Existing Home Competition

At the same time that new homes are being constructed with solar panels, California continues to lead the nation in conversion to solar across existing homes. A quick glance down any residential street confirms this, you’d be hard pressed not to find at least one or more homes with panels already installed. For most of us, panels and the sight of a solar array have become so commonplace, that much like utility poles, we hardly pay them much attention any longer. 

As with selling against a home built after 2020, selling against a neighbor with solar panels on an older home places the home relying on fossil fuels at a competitive disadvantage. Over time as the rate for utilities continues to spiral relative to solar, this difference in price point continues to widen, making the choice easier for the buyer to go with the more energy efficient home. 

Selling a Home with Solar 

Selling a home with solar is also positively reflected in the sale price. According to a recent Zillow research study, homes in the US with a solar installation sell for an average of 4% more than homes without, and more than 80% of home buyers say energy-efficient features are important when considering a home for purchase. Take a trip to any home improvement store and you will find energy savings down every aisle. From LED light bulbs, to tankless water heaters, to high efficiency washing machines, consumers seek out ways to save money and reduce their carbon footprint. A home powered by solar energy is one of the best selling points a home has to demonstrate energy efficiency to a prospective buyer. 

The Impact of Financing on Selling

The largest difference in selling a home with solar is how the system is financed. Each has relative merits and some with possible drawbacks, so let’s examine each. 

Cash Purchase – By far the easiest way to sell any home with solar is if the system is already paid for and owned outright. In this instance, the sale process is pretty straightforward, the system is either passed along to the new owner as an asset, or the entire system can be removed by the seller to be used at their next residence. The decision is based largely on how long the system has been installed and whether or not the seller has realized sufficient return on the investment. There is very little to no drawback with this financial option if the homeowner is confident they will be in the home for long enough to have fully paid off the system through the resultant savings on electrical costs.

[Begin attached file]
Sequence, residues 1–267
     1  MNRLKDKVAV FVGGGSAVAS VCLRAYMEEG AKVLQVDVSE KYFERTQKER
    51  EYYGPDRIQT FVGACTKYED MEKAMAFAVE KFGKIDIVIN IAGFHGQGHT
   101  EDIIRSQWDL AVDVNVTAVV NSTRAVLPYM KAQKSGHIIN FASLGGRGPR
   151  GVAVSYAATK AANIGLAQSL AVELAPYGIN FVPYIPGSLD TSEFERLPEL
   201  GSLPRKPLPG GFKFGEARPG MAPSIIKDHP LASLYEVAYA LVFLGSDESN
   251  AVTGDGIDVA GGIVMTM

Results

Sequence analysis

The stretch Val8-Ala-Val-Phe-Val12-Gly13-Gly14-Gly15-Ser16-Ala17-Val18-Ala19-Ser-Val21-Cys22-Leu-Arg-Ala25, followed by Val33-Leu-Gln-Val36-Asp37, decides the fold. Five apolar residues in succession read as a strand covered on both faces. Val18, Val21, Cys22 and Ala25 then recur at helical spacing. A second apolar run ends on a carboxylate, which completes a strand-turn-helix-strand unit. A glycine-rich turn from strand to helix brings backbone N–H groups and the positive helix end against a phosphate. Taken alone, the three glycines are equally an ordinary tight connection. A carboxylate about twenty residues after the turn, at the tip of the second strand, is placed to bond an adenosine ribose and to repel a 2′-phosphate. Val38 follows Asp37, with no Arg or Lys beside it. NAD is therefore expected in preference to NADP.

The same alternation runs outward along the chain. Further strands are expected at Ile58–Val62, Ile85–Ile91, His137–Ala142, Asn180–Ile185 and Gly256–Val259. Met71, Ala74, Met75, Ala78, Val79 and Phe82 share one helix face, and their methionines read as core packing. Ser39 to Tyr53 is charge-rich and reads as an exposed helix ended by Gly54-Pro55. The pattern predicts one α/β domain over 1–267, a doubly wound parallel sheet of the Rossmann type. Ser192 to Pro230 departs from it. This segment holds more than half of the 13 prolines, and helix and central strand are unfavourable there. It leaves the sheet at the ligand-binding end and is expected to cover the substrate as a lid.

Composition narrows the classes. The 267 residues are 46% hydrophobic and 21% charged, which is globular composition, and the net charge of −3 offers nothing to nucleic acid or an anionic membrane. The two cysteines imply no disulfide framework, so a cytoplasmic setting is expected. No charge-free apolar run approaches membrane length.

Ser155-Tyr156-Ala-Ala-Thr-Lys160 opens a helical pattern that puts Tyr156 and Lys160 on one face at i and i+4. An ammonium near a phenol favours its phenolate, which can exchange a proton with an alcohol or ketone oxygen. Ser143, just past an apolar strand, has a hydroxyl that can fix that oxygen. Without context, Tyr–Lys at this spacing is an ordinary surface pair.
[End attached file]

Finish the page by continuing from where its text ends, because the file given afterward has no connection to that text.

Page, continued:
Loans – Similar to a cash purchase, if the system is fully paid for the owner can either leave the installation or remove it and use it again. However, if the system is not yet fully paid for, the type of loan will determine the options the seller has. A secured loan will mean the seller must pay off the remaining value of the loan prior to sale as the property is used for collateral to fund the install. An unsecured loan does not hold collateral, so the home can be sold without the loan being paid off, however the homeowner is still required to make the payments even though they have moved. Secured loans typically do not carry prepayment penalties and in either case of secured or unsecured the increased value from the solar installation should be able to eliminate most or all of the remaining balance due. The potential drawback in this financing option is if the move occurs early on, where the value of the system has not depreciated enough to be sufficiently offset by the increase in home value. 

Power Purchase Agreements – Unlike a loan or cash purchase, a power purchase agreement operates much like the utility service it replaces, in that the system is paying a solar provider an established amount based on solar energy use. There are two main options for selling a home with a PPA. For most sellers, the option to select will be to have the agreement transferred to the new buyer. This will typically involve a credit check, and the buyer will want to understand the terms of the agreement, and any escalation that is built in. The second option is for the seller to completely buy out the remaining value of the system. The potential drawback to this financing method is if the buyer does not qualify for funding, or does not for some reason want to qualify to assume payments.

PACE financing – PACE financing is unique in that the loan is attached to the property and not the person who took out the loan since payments are made through property taxes. This loan solution also places a lien against the property until it is paid off. This financing solution has the most visible potential drawback as as many lenders will not allow a buyer to obtain a mortgage with a PACE loan as they are structured to take precedence over the mortgage. 

Buyers and sellers alike continue to place a premium on the cost savings that an energy efficient home provides. With the wide range of financing solutions available, a transition to solar energy should be thought of as a part of an overall strategy to reap maximum gains from the sale of a home, not as an obstacle to prevent it.